Boom style. Term apparently coined by Robin Boyd in Australia’s Home (1952) and loosely applied to highly ornate architecture in a classical idiom that was fashionable in the eastern states of Australia between the late 1870s and early 1890s. The style was made possible by, and is to some extent an expression of, the financial boom that followed the discovery of gold in 1851. The climax of the boom was in the 1880s in Victoria, where the richest goldfields were located. The buildings most commonly associated with the Boom style are the richly decorated Italianate villas and speculative terrace houses of Melbourne. The English picturesque Italianate fashion had been introduced to Australia by the early 1840s but only reached its sumptuous apogee in Victoria in the late 1880s. The architecture is characterized by asymmetrical towers, balustraded parapets, polygonal bay windows and round-arched openings and arcades, though the terrace houses often lack the more elaborate features. The buildings were usually stuccoed and enriched with mass-produced Renaissance-style elements in cast cement. They frequently incorporate cast-iron filigree verandahs, prefabricated in sections. A typical stuccoed villa is Wardlow (1888), Carlton, Melbourne, by John Boyes. Other Italianate Boom style work was carried out in rich polychromatic brickwork, which was characteristic of Melbourne. The other fashionable idiom commonly included in the Boom style category is French Second Empire, employed for example at Labassa (1890), a lavish house in Caulfield, Melbourne, by John A. B. Koch, and the town hall (1883–5) at Bendigo by W. C. Vahland. The Boom style rapidly declined during the depression of the 1890s.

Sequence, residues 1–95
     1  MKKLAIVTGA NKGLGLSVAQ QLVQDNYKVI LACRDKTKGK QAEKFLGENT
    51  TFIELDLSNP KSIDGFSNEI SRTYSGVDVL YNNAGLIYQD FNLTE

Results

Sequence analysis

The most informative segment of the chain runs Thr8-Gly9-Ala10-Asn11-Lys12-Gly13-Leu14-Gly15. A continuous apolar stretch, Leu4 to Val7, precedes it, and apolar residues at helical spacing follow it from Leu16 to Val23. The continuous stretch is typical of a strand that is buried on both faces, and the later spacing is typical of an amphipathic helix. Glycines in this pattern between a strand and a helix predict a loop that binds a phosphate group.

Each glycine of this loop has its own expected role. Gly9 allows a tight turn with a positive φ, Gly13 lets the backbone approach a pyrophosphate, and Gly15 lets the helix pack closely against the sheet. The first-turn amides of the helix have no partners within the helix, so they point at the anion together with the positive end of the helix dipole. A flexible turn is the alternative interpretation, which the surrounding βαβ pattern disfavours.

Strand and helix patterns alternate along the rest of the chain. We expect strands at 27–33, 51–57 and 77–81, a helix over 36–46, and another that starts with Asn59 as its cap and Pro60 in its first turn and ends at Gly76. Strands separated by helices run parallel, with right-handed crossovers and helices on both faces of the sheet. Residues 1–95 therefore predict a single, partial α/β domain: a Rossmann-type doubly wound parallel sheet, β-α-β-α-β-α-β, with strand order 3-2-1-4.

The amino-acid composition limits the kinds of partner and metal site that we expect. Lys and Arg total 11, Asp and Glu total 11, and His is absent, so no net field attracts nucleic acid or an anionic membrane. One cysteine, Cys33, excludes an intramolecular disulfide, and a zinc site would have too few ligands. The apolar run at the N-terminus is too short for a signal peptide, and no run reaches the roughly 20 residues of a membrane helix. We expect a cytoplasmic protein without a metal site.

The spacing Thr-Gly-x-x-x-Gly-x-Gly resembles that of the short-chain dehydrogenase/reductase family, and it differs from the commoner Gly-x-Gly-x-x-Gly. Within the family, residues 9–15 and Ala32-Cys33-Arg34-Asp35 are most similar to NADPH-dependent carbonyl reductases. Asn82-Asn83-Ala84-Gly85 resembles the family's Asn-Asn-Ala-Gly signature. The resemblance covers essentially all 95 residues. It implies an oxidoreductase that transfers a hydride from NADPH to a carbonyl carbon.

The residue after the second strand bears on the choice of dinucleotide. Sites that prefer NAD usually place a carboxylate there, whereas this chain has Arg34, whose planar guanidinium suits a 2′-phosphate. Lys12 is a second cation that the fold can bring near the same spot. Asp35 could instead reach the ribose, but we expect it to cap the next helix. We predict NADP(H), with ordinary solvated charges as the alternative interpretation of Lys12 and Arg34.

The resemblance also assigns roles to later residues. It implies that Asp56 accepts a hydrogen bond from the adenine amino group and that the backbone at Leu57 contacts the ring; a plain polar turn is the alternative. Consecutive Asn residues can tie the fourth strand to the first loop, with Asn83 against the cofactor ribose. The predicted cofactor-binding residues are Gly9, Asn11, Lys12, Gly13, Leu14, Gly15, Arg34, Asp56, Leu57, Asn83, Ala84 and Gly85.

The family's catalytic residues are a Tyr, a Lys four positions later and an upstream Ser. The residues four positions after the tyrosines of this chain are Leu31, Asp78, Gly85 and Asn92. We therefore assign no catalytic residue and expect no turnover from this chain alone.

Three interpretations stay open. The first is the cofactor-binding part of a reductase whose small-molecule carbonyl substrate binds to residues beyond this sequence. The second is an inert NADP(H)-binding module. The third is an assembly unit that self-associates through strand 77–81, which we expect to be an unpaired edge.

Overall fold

Bordone Paris (1500—71). Venetian painter, a pupil of Titian, whose style he followed closely. He worked in France tor King Francis I and later in Augsburg and Milan, painting portrait, religious, allegorical and mythological subjects including Fisherman presenting the Ring of St Mark to the Doge and Saluator Munch.


Borissov-Mussatov Victor (1870-1905). Russian painter. In Paris he worked in G. *Moreau's studio; *Puvis tie Chavannes made a great impression on him. He returned to Russia (1899), working near Saratov painting melancholy scenes of derelict classical mansions peopled by sad, crinolined figures. A lonely figure, both as artist and man, he was influential on the *Blue Rose Group.

Borromini Francesco (1599-1677). Architect.